Don’t fear the (e) reader

It’s funny how often you hear comments like ‘Who uses these Kindles?’ or “I don’t know anyone who has an e-reader”. So who are these mysterious users of Kindles and electronic readers? Well, here’s a selection:

1) expats like me (I live in Barcelona). With a miserable luggage allowance of 20 kilos on most budget airlines, it gets more and more expensive to haul books overseas. ‘What about Amazon’s free delivery?’ I hear you cry. Well, that’s no good for…

2) people who live in small apartments. I don’t live in a sprawling mansion and so I just haven’t got space on my bookshelves any more. The solution is a Kindle.

3) people with reduced vision (this doesn’t include me). Reading is suddenly easy again as you adjust the display to get larger font. The magnifying glass is clearly also in peril from the e-reader.

4) speakers of other languages. Here in Barcelona, I see many more e-readers than in the UK. This partly a language thing. Catalan has a vibrant publishing scene, but many books are only released in hardback. As English speakers, we’re spoilt in that we know a paperback edition of our favourite books will always be along soon. Many readers of Catalan have to haul a hardback around with them if they want to read a novel on the Metro.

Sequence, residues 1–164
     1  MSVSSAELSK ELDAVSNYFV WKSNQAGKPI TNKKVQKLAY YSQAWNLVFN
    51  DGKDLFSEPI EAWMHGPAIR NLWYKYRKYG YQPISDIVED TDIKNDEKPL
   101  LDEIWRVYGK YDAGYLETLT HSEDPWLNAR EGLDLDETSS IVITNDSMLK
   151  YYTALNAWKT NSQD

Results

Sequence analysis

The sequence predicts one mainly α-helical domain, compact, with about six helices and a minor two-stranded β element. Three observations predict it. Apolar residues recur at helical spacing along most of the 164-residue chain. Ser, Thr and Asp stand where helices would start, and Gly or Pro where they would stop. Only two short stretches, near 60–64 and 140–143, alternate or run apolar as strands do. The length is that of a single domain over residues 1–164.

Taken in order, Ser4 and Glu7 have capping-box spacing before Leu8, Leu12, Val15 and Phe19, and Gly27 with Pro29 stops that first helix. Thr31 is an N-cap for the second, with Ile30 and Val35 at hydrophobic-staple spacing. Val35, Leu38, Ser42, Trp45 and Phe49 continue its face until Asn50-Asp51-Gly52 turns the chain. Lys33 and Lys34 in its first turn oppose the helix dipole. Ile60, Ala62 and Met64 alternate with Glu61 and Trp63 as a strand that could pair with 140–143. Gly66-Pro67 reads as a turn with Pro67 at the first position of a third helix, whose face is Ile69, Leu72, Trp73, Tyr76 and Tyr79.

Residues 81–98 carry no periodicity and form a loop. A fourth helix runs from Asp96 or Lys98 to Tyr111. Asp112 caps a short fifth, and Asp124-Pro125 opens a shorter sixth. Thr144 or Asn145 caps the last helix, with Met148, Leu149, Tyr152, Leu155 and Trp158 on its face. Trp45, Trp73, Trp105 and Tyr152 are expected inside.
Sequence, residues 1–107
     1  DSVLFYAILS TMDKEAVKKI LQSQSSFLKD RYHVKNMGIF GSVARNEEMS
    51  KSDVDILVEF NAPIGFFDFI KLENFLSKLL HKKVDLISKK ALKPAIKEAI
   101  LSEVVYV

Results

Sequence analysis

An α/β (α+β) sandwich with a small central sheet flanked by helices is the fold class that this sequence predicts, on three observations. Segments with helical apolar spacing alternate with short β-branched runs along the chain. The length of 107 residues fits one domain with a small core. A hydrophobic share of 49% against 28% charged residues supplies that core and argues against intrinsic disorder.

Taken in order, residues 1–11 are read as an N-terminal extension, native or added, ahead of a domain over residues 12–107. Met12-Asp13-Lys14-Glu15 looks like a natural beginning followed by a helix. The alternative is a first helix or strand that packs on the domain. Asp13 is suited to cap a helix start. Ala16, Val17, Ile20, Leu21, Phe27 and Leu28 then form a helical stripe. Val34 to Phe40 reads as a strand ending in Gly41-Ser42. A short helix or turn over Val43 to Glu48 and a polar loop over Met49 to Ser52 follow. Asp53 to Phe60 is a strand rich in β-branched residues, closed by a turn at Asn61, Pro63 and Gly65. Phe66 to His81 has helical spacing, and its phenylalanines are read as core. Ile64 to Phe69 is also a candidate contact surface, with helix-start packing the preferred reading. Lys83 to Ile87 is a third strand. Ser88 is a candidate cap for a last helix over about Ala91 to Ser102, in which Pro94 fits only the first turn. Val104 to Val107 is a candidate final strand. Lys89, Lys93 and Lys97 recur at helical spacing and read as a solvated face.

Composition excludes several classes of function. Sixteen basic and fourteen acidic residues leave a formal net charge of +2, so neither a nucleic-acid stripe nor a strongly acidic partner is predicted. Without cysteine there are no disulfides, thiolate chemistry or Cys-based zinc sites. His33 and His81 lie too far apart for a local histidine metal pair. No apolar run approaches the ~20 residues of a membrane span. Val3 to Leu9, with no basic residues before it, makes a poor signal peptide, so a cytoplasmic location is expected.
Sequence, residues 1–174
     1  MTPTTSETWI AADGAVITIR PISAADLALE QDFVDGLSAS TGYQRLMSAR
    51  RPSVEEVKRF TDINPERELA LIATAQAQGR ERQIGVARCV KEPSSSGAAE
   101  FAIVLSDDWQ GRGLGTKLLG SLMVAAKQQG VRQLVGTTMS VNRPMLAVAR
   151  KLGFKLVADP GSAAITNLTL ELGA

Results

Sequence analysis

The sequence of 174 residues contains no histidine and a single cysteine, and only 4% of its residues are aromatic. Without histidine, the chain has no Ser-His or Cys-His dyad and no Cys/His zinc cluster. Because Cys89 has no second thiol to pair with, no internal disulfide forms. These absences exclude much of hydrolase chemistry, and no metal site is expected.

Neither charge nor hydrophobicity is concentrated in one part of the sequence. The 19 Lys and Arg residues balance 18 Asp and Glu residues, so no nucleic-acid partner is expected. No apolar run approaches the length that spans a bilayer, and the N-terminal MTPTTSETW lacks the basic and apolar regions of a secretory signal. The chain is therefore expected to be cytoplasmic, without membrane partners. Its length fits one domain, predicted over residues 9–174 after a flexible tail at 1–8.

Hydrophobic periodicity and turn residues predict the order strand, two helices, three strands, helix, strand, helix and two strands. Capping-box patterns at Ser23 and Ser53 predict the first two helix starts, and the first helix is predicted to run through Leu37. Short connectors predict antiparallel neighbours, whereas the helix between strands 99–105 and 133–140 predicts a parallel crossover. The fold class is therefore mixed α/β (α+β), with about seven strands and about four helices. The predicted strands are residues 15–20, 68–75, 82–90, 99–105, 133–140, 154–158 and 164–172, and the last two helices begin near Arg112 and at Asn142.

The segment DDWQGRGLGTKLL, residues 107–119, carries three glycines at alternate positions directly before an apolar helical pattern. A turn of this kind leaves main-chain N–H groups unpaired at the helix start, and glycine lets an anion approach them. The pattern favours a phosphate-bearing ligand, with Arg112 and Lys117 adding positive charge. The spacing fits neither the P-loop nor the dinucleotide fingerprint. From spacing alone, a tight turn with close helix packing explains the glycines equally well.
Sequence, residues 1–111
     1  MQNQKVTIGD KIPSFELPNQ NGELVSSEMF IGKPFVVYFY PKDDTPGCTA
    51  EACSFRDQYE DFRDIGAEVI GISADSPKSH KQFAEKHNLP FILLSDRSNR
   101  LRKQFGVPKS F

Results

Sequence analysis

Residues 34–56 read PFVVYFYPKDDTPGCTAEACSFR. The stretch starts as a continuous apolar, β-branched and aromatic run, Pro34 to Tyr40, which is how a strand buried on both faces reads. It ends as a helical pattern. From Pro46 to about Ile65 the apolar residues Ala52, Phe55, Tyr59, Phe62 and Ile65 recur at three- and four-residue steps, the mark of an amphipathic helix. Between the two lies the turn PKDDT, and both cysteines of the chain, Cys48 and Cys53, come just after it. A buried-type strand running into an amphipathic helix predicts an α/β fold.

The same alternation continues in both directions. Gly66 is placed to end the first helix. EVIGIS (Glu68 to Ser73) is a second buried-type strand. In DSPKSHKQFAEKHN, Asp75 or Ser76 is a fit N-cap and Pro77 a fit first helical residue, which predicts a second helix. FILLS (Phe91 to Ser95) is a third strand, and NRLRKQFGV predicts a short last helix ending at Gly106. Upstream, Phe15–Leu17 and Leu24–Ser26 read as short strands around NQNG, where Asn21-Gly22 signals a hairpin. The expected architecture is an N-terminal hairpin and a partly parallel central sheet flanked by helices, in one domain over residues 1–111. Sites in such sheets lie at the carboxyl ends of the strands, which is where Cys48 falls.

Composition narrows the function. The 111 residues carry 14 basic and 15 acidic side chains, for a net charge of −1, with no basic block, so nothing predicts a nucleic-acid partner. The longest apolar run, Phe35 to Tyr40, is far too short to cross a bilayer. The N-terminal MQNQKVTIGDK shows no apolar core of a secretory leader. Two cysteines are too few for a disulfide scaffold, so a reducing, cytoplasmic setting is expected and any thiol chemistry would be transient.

Like many bloggers, I’m an aspiring author. I always dreamed of having a nice paper volume of my work. My ambition was to look at the books on the shelf and turn the pages from time to time, and think ‘I did that’. Now it seems that that will never happen. My destiny is to produce electronic files. But is that so bad?

Every time change comes, people often mourn what has gone before. I once read an article from the early twentieth century where the author ridiculed the idea of giving up the vellum-bound tomes of his library in favour of paperbacks, which he saw as cheap, throwaway products.

Today’s paperbacks are much better quality than those of the 1930s, when generic designs ruled the day. As the new medium evolved, so did the quality of delivery. I suspect that the same will be true of e-books in the future. Few people today would opt for a hardback over a paperback, given a choice.

In any case, no matter what snobbery exists in favour of paper products, it’s clear that other writers are not too bothered about how their stories reach the reader. Recently, Harper Voyager invited submissions from aspiring fantasy and sci-fi authors. The reward was an edited ebook of their novel. In the mere two-week window of opportunity, they received no less than 4,563 submissions: http://harpervoyagerbooks.com/2012/10/17/the-submission-portal-is-now-closed/.